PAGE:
The information that follows was taken from this report: IBIS World Industry Report OD5706 Compounding Pharmacies in the US, dated January 2015 by Sarah Turk. A copy of this report can be found on this site, and we encourage all interested parties to read it closely.
In 2015 there were over 5,500 compounding pharmacies in the US that were estimated to generate over $5.5 billion of revenue and $1.5 billion in profits. Compounding has historically been very profitable, with high gross margins on product sales.
This industry includes stores that make and sell compounded medications that are not commercially available. Compounded medications are prescriptions that are prescribed and written by physicians and prepared by pharmacists for individual patients.
Compounded medications can assist patients’ compliance with their medication due to offering medication tastes, routes of administration, and medication dosages that are not otherwise commercially available. Moreover, the burgeoning elderly population has stimulated demand for prescriptions, including compounded medications that were customized to address a patient’s needs. The industry has also benefited from pharmaceutical manufacturers having drug shortages, enabling the industry to access raw materials and supply medication orders to patients and hospitals. As group purchasing organizations (“GPOs”), which secure supplies for healthcare providers, control about 72% of purchases made by hospitals, according to the Healthcare Supply Chain Association, drug shortages have occurred. Due to GPOs using their market share as leverage to secure low-cost contracts with pharmaceutical manufacturers, some drug makers have not had the incentive to manufacture and stock essential drugs.
Key External Drivers
- Regulation: The FDA is encouraging large-scale operators to register with the FDA and significantly increasing federal regulation. As healthcare providers are increasingly purchasing compounded medications from FDA-registered and regulated facilities, many operators will choose to comply with regulations to bolster revenue volumes.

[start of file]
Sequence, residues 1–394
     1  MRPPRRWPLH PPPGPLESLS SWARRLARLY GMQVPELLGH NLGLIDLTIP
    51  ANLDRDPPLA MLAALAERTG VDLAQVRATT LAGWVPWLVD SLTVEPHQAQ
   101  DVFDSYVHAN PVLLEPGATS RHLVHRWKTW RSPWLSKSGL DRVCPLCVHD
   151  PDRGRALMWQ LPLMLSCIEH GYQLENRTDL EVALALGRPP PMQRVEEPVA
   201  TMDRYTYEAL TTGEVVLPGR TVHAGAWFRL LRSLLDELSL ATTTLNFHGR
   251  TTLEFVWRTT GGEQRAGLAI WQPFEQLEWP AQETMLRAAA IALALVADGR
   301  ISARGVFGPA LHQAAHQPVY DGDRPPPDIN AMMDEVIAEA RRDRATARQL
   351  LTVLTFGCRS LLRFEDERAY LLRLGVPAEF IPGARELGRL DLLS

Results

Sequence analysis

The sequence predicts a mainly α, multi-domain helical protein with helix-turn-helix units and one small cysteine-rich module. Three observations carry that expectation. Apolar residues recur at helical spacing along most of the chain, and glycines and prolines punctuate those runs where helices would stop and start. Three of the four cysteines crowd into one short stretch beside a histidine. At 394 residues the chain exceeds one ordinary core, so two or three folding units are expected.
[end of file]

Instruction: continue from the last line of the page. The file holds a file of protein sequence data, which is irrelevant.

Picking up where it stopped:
- Number of adults aged 65 and older: As the US population ages, demand for various pharmaceutical products increases. Adults aged 65 and older are more likely to have chronic illnesses than younger demographics, which stimulates demand for prescriptions. Additionally, elderly individuals may require compounded prescriptions to have personalized dosage forms, flavors or medications that comply with their allergies. The number of adults aged 65 and older is expected to grow at an annualized rate of 3.4% during the five years to 2020.
- Increase in Number of Physician Visits: Consumers who visit doctors more frequently tend to receive more prescriptions and, in turn, purchase more medications. Therefore, patients may require compounded prescriptions to access drug strengths and forms that are not commercially available. The number of physician visits is expected to increase over the next five years.
- Per capita disposable income determines consumers’ ability to purchase this industry’s products: While prescription products can be essential for health and therefore less susceptible to changes in consumer discretionary spending, some of the industry’s offerings, such as medicine flavorings, are subject to changes in disposable income. An increase in disposable income will boost demand for compounding pharmacies. Per capita disposable income is expected to increase over the next five years.
- Number of pets (cats and dogs): In addition to developing drug formulations for humans, compounding pharmacies also create specialized drugs compounded for animals. The number of pet owners is expected to grow at an annualized rate of 2.3% during the five years to 2020. Because of this growth, more pet owners will obtain compounded drugs to increase their pet’s compliance with medications, demanding compounded drugs to cater to their pets’ individualized needs such as allergies and complications with the drug’s route of administration.
- Pharmaceutical awareness: During the past five years, many Americans have purchased pharmaceuticals to treat their health ailments. According to the Pharmaceutical Research and Manufacturers of America, about 3.6 billion prescriptions are dispensed in the United States each year. The US Pharmacopeia Convention estimates that 30 to 40 million of those prescriptions are compounded medications. Numerous trends have increased patient utilization rates of compounded medications. Moreover, as more patients addressed their allergies to certain drugs and their medication preferences, such as medication that have a different dosage strength, route of administration or flavoring than drugs that were commercially available, demand for compounded medications has increased.
The industry is expected to grow faster than economy at 2.6%/year through 2020 to $6.4 billion, with profit expected to increase slightly from 26.5% to 27.1% due to higher sales offsetting a higher cost of compliance.